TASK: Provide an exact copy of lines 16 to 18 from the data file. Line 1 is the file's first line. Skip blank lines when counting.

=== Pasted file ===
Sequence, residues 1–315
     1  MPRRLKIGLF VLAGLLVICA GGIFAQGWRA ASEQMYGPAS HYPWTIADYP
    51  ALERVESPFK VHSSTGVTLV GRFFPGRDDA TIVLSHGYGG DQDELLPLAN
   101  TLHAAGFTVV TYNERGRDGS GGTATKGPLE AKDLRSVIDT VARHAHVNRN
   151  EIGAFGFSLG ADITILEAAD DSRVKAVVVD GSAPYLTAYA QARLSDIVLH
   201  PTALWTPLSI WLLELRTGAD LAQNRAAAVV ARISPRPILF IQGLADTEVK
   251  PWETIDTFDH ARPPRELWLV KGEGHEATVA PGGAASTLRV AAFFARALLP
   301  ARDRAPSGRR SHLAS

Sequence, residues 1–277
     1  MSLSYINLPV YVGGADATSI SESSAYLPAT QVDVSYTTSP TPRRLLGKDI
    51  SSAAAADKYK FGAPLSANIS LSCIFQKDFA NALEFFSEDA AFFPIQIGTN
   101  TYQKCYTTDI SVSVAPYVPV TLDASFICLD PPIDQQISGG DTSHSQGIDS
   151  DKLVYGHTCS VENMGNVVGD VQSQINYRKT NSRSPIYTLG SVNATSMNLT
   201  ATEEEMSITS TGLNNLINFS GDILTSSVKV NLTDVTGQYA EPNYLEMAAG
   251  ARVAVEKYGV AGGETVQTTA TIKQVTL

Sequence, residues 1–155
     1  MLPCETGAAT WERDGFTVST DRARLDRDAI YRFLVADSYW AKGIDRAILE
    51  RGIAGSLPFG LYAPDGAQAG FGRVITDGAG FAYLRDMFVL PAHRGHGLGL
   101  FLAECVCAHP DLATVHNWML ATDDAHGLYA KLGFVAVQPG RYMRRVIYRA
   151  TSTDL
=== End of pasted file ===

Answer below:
Sequence, residues 1–155
     1  MLPCETGAAT WERDGFTVST DRARLDRDAI YRFLVADSYW AKGIDRAILE
    51  RGIAGSLPFG LYAPDGAQAG FGRVITDGAG FAYLRDMFVL PAHRGHGLGL